Elizabeth Gaskell's House, 84 Plymouth Grove in Manchester, has finally re-opened after an extensive and highly successful refurbishment. I've always enjoyed Gaskell's books and think she is unfairly in the shadow of her fellow Victorian novelists. Growing up in Lancashire and teaching in the cotton towns I recognise much in her novels, both people and places. I was delighted to get the chance on Tuesday evening to go with a friend to 84 Plymouth Grove for an evening event - the house's first since opening on 5th October.
It had been in very poor decorative condition ...
... but the history of the house is essentially a lucky one. Gaskell's unmarried daughters lived on there until 1913 when Meta Gaskell died and then, despite a campaign to save it intact, the contents were dispersed and new occupiers moved in. Fortunately it remained a family home until it was acquired by Manchester University in the 1960s. Neither the university nor the family that preceded them knocked the house about too much: it was spared the indignity of conversion to flats for example, though it fell into increasing disrepair. In 2004 it was acquired by the Manchester Historic Buildings Trust and the long process of repair and restoration began.
Visiting on Tuesday was a real treat. We went to hear Carolyn Lambert discuss her new book The Meanings of Home in Elizabeth Gaskell’s Fiction (published by Victorian Secrets) with Professor Helen Rees Leahy.
Parking by the house with the streets in darkness and warm light falling from the long windows, it felt, as my friend noted, that we were invited guests rather than that we were paying to attend a function. The house is fortunately still on tree lined streets (it is a corner property) and not dwarfed by modern office blocks. Inside it is fresh and new whilst being delightfully of the era. In a way it was like seeing a new modern house as the Victorians would have seen it.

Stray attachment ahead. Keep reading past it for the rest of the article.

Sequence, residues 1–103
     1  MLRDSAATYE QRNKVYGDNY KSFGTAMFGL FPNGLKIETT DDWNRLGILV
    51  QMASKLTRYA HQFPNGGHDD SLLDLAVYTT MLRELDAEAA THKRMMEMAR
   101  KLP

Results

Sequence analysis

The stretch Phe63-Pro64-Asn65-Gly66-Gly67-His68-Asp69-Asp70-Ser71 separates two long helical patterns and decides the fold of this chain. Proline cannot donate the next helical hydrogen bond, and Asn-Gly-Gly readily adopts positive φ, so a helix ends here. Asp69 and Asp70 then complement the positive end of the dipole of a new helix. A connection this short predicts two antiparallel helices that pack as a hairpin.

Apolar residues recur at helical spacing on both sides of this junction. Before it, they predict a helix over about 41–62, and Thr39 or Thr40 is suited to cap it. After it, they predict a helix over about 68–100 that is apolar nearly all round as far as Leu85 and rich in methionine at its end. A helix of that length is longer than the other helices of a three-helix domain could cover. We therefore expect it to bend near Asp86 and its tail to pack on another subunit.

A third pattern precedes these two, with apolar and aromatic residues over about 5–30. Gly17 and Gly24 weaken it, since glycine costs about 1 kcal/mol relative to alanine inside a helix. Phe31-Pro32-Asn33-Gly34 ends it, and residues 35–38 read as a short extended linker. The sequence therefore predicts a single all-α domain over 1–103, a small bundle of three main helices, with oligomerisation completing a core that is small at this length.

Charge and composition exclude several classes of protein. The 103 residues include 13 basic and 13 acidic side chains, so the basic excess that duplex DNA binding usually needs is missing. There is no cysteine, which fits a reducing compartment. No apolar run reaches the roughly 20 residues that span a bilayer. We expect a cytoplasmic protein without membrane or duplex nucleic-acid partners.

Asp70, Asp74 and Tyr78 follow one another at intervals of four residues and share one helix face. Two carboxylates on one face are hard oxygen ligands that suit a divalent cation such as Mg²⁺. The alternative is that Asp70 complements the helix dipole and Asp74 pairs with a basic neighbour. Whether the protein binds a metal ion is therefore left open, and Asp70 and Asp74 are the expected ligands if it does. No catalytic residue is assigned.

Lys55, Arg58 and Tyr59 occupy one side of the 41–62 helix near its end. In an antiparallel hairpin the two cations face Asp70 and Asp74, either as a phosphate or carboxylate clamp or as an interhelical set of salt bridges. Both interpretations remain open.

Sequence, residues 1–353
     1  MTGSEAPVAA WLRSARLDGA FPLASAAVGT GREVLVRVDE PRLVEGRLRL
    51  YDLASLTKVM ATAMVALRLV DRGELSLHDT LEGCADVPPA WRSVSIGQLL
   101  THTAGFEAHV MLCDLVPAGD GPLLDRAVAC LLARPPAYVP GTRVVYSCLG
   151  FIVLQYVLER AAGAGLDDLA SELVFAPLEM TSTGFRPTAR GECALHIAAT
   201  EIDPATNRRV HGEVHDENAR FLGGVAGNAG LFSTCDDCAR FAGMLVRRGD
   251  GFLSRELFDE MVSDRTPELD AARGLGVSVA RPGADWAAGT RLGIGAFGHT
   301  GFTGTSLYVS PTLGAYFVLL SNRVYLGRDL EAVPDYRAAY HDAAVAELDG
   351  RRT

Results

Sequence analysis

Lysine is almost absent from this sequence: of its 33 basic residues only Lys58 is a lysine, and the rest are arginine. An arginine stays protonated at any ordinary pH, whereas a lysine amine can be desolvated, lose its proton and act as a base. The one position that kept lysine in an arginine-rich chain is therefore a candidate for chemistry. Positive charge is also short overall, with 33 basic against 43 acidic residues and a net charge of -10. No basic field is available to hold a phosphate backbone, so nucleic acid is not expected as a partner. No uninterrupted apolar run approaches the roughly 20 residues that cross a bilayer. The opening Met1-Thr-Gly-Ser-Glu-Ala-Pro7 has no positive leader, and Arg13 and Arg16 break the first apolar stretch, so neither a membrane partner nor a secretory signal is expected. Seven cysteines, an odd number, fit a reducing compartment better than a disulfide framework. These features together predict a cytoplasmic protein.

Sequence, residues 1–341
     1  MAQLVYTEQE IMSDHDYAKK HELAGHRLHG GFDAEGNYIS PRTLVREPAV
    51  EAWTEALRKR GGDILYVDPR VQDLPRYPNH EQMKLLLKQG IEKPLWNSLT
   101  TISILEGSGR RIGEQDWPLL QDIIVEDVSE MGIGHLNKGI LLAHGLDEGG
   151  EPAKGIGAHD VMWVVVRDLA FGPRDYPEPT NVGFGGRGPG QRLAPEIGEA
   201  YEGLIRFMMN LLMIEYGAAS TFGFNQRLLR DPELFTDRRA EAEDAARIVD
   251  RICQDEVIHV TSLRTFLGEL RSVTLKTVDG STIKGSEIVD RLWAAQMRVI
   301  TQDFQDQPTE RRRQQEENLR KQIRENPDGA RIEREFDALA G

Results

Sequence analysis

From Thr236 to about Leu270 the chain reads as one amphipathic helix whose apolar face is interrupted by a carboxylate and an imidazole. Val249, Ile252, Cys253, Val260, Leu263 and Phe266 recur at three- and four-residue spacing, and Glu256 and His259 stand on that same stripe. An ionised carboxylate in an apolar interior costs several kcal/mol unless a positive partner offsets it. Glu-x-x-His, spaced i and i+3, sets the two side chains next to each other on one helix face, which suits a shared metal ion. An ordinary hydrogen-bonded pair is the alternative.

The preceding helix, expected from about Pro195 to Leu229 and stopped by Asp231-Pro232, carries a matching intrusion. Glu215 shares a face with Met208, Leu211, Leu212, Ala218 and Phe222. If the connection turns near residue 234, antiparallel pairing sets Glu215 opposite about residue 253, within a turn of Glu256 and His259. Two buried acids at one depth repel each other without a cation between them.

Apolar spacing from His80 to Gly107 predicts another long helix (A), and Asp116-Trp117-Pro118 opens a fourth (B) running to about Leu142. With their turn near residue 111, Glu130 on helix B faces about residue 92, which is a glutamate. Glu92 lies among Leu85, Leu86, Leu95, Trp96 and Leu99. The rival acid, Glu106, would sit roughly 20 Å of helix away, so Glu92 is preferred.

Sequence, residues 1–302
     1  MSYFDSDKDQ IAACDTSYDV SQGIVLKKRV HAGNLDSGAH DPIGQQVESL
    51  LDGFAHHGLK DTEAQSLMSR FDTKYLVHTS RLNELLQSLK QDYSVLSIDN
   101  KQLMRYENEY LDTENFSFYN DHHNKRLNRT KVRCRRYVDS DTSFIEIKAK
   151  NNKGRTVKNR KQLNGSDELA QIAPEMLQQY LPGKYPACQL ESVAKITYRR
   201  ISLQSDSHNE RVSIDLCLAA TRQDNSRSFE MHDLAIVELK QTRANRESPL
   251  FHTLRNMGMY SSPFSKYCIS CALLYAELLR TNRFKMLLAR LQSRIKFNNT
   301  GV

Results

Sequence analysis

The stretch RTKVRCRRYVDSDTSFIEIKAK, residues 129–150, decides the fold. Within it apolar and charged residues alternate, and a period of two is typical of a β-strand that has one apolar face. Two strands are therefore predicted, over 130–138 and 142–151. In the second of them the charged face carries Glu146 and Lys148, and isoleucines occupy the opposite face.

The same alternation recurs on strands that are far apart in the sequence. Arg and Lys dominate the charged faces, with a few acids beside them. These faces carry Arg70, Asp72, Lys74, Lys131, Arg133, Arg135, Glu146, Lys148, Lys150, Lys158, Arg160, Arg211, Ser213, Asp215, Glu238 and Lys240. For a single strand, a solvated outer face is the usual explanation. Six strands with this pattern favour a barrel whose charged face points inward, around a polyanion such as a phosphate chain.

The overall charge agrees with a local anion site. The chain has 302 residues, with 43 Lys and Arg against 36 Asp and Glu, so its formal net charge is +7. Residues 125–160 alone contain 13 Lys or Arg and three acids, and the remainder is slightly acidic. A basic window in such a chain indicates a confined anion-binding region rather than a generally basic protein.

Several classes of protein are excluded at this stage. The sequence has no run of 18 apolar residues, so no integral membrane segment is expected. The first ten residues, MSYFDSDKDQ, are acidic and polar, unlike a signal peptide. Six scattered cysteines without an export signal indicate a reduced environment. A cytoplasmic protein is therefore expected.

The parlour where Charlotte Bronte once hid behind the curtains has been restored using information left behind in the house (paint and paper fragments) and details from Gaskell's writings. A bright fresh chintz on the chairs and dressing the windows in this room, for example, has been made locally in Lancashire (as so many textiles would have been in Gaskell's time) to a pattern described in a letter.
The dining room is also beautifully restored with a table where Gaskell had hers, with a view of her garden, and where she did much of her writing.
The talk was fascinating, and if you have any interest in Victorian literature I would imagine that The Meanings of Home in Elizabeth Gaskell’s Fiction by Carolyn Lambert is for you. I would have bought a copy but the talk was so successful that they'd sold out. Gaskell is particularly interesting in that not only was she a successful novelist she also had a husband and children. Her home life seems happy but incredibly busy and it was interesting to hear how she might have carved time and space out for herself. Her books of course feature a wide variety of homes, rich and poor and again it was interesting to hear that the very poorest, the cellar dwellers, that she writes of, were drawn heavily from social reports on the conditions of the poor at the time, it being too dangerous, even for a minister's wife, to experience these homes first hand.